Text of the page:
Accès direct au contenu

 
Recherche
Retour rapide vers l'accueil

The Bear Boy

Cynthia Ozick
The story is set in the outskirts of the Bronx in 1935. Rose Meadows, orphaned at the age of 18, becomes an assistant to Professor Mitwisser, a specialist of a 9th-century heretic Jewish sect. Professor Mitwisser, his wife (a renowned physicist but now a near-madwoman) and their five children are German refugees who survive thanks to their young benefactor James A’Bair. James is heir to the fortune amassed by his father, who took him as a model for a very popular series of children’s books called The Bear Boy. James is extremely wealthy but troubled, dispossessed of his identity. He leads a nomadic life and his latest whim is to support the Mitwisser family. Rose enters into this chaotic household, which becomes even more unstable with the arrival of James. Very soon this little precarious world verges on disaster.
Anneliese, the Mitwissers' daughter, about James, the Bear Boy:
"...did he not comprehend what it was to be without papers, to have no passport, to cower before a uniform, to pay for forged papers, to bribe to get genuine papers, to learn afterward that they were no longer valid, never to have good papers, a genuine passport! Never! He could not comprehend how free he was, how simple, he was like an angry child."

 

Cynthia Ozick was born in 1928 in the Bronx to a Jewish family of Russian origin. In her works, she often addresses themes such as Yiddish, the Shoah, doubt, or the misunderstandings that derives from the clash of cultures. She is concerned not only with the dynamic between being Jewish and the diaspora, but also with that between being a Jew and being a writer. Along with Isaac Bashevis Singer, Saul Bellow, Bernard Malamud or Philip Roth, Cynthia Ozick is one of the leading figures of the Jewish American novel.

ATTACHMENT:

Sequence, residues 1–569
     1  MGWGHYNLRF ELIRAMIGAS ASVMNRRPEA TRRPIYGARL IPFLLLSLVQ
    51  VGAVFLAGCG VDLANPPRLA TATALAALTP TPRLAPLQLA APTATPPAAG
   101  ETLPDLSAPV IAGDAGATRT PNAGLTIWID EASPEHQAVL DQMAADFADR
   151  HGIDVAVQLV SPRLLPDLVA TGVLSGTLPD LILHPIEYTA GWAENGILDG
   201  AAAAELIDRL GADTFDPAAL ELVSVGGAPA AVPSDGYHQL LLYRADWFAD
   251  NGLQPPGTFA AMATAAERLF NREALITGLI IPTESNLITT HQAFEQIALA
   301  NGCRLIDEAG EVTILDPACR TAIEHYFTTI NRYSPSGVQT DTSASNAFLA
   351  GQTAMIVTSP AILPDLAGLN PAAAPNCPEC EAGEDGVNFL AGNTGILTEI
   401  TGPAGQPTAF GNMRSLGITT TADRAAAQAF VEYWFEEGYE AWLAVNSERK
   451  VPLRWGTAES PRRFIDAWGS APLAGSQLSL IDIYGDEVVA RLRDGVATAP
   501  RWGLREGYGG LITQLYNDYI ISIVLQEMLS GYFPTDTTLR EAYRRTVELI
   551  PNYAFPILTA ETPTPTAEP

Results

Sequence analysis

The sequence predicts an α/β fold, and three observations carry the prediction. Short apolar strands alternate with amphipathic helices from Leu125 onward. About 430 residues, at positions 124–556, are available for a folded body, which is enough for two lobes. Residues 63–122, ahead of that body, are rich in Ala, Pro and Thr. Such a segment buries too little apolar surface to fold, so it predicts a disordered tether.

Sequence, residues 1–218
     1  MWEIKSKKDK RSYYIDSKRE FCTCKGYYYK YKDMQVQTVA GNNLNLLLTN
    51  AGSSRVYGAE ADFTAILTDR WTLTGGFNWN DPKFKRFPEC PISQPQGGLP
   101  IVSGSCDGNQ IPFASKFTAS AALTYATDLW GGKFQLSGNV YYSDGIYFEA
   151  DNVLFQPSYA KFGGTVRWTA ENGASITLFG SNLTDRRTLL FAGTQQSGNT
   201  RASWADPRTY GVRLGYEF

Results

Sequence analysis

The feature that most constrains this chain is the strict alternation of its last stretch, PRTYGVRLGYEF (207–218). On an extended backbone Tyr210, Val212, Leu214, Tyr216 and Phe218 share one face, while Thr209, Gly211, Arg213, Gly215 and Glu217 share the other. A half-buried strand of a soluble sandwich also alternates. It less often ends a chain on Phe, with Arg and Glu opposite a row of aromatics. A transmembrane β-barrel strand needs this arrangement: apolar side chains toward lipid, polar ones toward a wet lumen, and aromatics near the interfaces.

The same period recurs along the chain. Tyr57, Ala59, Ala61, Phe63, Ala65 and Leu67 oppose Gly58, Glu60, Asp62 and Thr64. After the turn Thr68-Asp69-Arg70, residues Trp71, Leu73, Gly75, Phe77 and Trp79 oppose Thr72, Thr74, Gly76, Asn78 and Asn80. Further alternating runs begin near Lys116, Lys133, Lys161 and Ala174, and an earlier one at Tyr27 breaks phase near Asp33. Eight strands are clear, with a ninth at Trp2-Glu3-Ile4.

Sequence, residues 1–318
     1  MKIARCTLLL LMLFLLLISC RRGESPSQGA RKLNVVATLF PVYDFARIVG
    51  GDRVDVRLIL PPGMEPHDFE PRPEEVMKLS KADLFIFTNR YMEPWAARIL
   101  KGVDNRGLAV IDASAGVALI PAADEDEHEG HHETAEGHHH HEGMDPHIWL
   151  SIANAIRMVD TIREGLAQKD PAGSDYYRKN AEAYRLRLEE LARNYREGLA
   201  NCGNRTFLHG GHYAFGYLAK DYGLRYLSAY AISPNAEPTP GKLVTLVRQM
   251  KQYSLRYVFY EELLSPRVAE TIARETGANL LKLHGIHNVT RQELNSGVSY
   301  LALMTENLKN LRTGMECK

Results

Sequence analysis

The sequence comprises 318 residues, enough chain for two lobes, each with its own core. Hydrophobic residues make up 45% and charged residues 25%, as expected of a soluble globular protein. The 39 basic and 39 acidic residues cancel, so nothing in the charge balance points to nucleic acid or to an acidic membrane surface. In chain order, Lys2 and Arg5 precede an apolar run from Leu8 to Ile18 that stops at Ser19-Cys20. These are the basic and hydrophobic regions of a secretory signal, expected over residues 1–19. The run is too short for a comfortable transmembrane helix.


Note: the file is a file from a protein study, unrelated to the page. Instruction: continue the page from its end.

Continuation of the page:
In The Bear Boy, Cynthia Ozick handles themes such as exile, dispossession, betrayal, destruction. All the characters are figures of exile: Rose Meadows, parentless and homeless, the Mitwissers, separated from the intellectual milieu they used to live in in Berlin, and James who is disconnected from his true identity and from reality, because his father turned him into the image of the Bear Boy.

The reader is very rapidly taken into the story of this group of outsiders that have been brought together by coincidence. The book is remarkable for the subtle treatment of the life of European refugees who are not working-class immigrants but an educated, intellectual family - individuals who are now torn between loyalty to their German origins and an inevitable Americanisation.

The Bear Boy is also a tribute to the great authors of the 19th century. Literature is not absent in the novel: Rose can be seen as a 20th-century Jane Eyre or Fanny Price and her very few belongings include Hard Times and Sense and Sensibility, a novel which she finally persuades Mrs Mitwisser to read - in English. Throughout the novel references abound to Jane Austen, Charles Dickens, George Eliot, William Thackeray... The world of children's literature is also evoked: The Bear Boy is a companion to the works of Erich Kästner, Selma Lagerlof, Alan Alexander Milne.

Ozick's fascinating novel could be seen as having a happy ending, but this impression is misleading: a sense of disaster pervades the text, and it is even more enhanced by the reference to the Depression era and the war that is looming ahead, coming from Europe.

Anne Musset
mai 2008

 

Cynthia Ozick, The Bear Boy (orginal American title: Heir to the Glimmering World). Weidenfeld & Nicolson. 2004

 
 
mise à jour le 10 mars 2009
Créé le 7 mai 2008
ISSN 2107-7029
DGESCO Clé des Langues